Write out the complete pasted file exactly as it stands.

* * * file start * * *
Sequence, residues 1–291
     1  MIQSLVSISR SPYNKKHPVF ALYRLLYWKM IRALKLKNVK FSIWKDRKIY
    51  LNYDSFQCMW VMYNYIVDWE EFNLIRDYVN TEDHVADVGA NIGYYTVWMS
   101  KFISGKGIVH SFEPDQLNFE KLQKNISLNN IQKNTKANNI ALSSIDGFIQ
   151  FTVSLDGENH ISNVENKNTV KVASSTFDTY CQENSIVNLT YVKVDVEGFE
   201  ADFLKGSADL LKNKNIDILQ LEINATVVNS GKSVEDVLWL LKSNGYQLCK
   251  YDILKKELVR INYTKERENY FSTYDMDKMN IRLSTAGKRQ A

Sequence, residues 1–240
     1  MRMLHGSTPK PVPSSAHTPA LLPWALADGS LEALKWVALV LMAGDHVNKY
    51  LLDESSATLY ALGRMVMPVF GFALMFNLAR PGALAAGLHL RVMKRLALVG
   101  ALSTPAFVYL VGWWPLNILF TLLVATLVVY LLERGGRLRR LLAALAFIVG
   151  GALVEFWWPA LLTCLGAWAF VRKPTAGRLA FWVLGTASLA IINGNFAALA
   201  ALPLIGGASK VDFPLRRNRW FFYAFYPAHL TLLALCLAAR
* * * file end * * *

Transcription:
Sequence, residues 1–291
     1  MIQSLVSISR SPYNKKHPVF ALYRLLYWKM IRALKLKNVK FSIWKDRKIY
    51  LNYDSFQCMW VMYNYIVDWE EFNLIRDYVN TEDHVADVGA NIGYYTVWMS
   101  KFISGKGIVH SFEPDQLNFE KLQKNISLNN IQKNTKANNI ALSSIDGFIQ
   151  FTVSLDGENH ISNVENKNTV KVASSTFDTY CQENSIVNLT YVKVDVEGFE
   201  ADFLKGSADL LKNKNIDILQ LEINATVVNS GKSVEDVLWL LKSNGYQLCK
   251  YDILKKELVR INYTKERENY FSTYDMDKMN IRLSTAGKRQ A

Sequence, residues 1–240
     1  MRMLHGSTPK PVPSSAHTPA LLPWALADGS LEALKWVALV LMAGDHVNKY
    51  LLDESSATLY ALGRMVMPVF GFALMFNLAR PGALAAGLHL RVMKRLALVG
   101  ALSTPAFVYL VGWWPLNILF TLLVATLVVY LLERGGRLRR LLAALAFIVG
   151  GALVEFWWPA LLTCLGAWAF VRKPTAGRLA FWVLGTASLA IINGNFAALA
   201  ALPLIGGASK VDFPLRRNRW FFYAFYPAHL TLLALCLAAR